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How Do I Find My Customers Once I Have a GSA Schedule? Blog Feature
Christina Kacem

By: Christina Kacem on September 2nd, 2020

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How Do I Find My Customers Once I Have a GSA Schedule?

GSA Schedule | Resources and Insight | 7 Min Read

First, congratulations on your GSA award—your GSA Schedule contract will prove to be a valuable contracting vehicle for your organization over the next twenty years. We know you went through a lengthy process to receive your GSA Schedule contract, but unfortunately, the work doesn’t stop there. Now that you have received an award, you’re probably asking yourself how to start selling. 

As soon as our clients receive their award, they are eager to know what the next steps are and how to market their contract to government buyers. To help answer your questions and clear up any confusion you may have, we have laid out steps you should take to find your customers.

 Your journey should start with asking the following questions:

  • What agencies should I target?
  • How do I find contacts within those agencies?
  • How can I influence the purchasing behaviors of those government agencies?

What Agencies Should I Target to Sell to Through My GSA Schedule Contract?

The agencies that you initially target should have historical purchases for the same or similar products/services you are offering. You can identify these sales in the contract data section of beta.SAM.gov. Here are some instructions:

  1. Once at beta.SAM.gov, you will want to create a log-in if you do not already have one.  You will need to be logged in to download the data into Excel or a PDF.
  2. Enter dates under “Modified Date” to narrow down your results to the last calendar year or the last federal Fiscal Year, or any other date range that you prefer.
  3. Enter the NAICS code or Product Service Code (PSC) also sometimes referred to as the Federal Service Code (FSC) for the products or services you have to offer.
    *PSC codes have a higher level of specificity than NAICS codes and should be the preferred tool for highly diverse and active industries.

How Do I Find Contacts Within the Agencies I’m Interested in Selling to?

Research the Procurement Contracting Officers 

Once you’ve identified the agencies you want to  target, you’ll need to research who the Procurement Contracting Officers (PCO) are for the existing spends in your category. The best place to start is with the names of competitors you know are selling similar products or services.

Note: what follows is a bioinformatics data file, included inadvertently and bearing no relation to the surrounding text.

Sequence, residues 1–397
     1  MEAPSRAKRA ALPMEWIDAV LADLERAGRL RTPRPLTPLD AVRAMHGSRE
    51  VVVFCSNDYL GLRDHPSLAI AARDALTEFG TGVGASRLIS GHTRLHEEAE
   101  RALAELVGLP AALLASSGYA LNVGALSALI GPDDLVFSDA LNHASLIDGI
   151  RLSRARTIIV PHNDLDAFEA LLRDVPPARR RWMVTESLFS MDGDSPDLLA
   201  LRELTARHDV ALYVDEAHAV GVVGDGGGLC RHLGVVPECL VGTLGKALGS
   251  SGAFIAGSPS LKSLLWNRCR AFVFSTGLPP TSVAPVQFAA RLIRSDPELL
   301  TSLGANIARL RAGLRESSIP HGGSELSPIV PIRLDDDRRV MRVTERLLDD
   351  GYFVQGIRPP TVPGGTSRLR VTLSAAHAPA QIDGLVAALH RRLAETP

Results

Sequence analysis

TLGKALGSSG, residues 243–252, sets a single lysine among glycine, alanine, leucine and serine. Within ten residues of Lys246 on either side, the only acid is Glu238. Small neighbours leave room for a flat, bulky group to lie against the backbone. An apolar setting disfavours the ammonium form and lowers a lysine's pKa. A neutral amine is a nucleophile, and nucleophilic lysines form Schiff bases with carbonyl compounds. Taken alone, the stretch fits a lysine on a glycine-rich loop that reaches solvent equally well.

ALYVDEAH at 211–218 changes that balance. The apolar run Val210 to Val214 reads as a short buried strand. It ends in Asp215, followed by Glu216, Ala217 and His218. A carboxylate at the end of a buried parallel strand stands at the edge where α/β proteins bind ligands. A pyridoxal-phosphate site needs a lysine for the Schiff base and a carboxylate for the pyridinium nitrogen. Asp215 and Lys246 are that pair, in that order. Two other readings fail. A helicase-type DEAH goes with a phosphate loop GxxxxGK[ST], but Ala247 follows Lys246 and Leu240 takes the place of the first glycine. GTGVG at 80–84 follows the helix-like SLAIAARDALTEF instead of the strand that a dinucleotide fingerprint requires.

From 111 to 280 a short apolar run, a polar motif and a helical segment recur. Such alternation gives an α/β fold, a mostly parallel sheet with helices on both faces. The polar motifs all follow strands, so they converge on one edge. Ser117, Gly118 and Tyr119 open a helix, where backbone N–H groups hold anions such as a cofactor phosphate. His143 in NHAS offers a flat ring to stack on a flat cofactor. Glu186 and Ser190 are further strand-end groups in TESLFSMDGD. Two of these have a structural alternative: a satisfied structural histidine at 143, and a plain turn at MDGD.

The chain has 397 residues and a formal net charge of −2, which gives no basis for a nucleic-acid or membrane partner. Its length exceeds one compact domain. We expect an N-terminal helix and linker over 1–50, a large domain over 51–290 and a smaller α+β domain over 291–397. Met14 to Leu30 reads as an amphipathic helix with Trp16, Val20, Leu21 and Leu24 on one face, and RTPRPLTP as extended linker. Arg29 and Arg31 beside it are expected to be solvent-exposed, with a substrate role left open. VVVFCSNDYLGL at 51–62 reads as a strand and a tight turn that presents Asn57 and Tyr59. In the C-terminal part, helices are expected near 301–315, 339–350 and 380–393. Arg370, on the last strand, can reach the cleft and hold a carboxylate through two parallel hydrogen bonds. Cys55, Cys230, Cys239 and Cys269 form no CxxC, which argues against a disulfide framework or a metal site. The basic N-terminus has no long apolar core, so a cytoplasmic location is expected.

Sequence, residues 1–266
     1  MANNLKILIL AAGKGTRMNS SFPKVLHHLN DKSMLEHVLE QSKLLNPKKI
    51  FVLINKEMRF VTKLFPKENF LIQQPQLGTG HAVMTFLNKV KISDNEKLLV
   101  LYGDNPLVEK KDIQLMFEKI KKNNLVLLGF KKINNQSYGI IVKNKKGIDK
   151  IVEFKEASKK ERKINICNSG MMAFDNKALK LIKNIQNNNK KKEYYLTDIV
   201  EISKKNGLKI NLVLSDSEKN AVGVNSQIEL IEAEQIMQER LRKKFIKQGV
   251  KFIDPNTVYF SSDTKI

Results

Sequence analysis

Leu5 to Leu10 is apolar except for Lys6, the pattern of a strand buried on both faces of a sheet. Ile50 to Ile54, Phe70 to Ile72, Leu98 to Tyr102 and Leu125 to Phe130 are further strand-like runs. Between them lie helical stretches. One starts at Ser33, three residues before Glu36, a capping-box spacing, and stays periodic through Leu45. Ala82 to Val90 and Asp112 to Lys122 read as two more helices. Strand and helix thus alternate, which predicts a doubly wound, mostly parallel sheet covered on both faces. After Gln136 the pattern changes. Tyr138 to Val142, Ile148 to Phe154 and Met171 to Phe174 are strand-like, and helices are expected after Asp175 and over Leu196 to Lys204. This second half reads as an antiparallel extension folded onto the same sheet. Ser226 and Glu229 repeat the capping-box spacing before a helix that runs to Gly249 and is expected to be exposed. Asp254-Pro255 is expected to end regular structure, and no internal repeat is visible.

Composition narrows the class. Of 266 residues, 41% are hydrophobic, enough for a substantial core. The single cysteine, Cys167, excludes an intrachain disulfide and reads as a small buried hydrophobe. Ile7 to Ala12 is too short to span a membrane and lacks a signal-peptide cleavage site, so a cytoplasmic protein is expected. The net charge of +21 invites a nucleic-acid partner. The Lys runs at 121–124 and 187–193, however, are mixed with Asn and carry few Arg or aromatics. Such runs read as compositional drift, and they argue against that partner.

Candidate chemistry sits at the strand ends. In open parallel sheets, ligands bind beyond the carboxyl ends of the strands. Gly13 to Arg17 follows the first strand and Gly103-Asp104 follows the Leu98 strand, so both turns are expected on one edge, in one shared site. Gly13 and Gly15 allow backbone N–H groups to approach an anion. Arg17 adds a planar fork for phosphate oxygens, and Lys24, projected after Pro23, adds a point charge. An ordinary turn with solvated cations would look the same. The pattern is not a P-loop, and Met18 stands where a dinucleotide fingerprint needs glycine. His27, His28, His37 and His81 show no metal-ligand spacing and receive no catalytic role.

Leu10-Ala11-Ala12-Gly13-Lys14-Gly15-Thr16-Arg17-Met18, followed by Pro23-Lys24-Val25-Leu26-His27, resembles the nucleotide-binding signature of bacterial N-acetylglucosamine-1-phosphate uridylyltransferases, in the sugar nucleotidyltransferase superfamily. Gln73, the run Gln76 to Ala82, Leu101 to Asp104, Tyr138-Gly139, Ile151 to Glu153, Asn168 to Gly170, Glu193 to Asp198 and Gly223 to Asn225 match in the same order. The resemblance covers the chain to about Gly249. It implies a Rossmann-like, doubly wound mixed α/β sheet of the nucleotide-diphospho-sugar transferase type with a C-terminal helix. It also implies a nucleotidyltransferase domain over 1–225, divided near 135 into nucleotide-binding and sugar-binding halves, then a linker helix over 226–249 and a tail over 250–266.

Once you have a handful of competitors' names, capture their Data Universal Number System (DUNS) numbers and input this into the DUNS field within your search results on beta.SAM.gov.

Find the Original Solicitation

Once your results are narrowed down to a single competitor, you need to find the solicitation number for the award. With the solicitation number, return to beta.SAM.gov and enter it into the contract opportunities section. If there are no results you will need to unselect the “active only” button. Once you find the original solicitation for this contract, you will find a Point of Contact, usually with a phone number and email address at the bottom of the page. 

This is an exercise that you will want to complete many times until you’ve built a repository of names with contact information of agencies that are purchasing products or services similar to what you offer. 

If there is no solicitation ID, then you will need to use the information available to narrow down the results enough to find the original solicitation. This includes the contracting agency, NAICS code, and solicitation date. 

NOTE: You will only find a solicitation if the opportunity was published for open competition.

Target the Performance Period

While you are capturing contact information, another valuable piece of information to find is the contract’s Period of Performance. This will help you identify when a contract opportunity is likely coming up for recompete, which is usually within six months of the end of the Period of Performance.

Look for Contract Forecasts

Another great way to find the Contracting Officers relevant to your line of business is to find contract forecasts. GSA maintains a forecast of contracting opportunities for their own agency as well as the Department of Interior, the Department of Labor, and the Department of Commerce. Currently, there are more than 4,000 opportunities forecasted. Many agencies also post forecasts and opportunities on their own respective websites. Acquisition.gov also maintains a list of agencies with recurring procurement forecasts.

How Can I Influence the Purchasing Behaviors of Government Agencies?

With in-person vendor events canceled due to COVID-19, getting in front of the Contracting Officials within your target agencies is impossible. This is why your government marketing materials need to be impactful now more than ever. 

Create a Capabilities Statement 

If you have not done so already, you will need to create a Capabilities Statement. Think of a Capabilities Statement as a resume for your business. It should be no longer than two pages (one page when printed with two sides).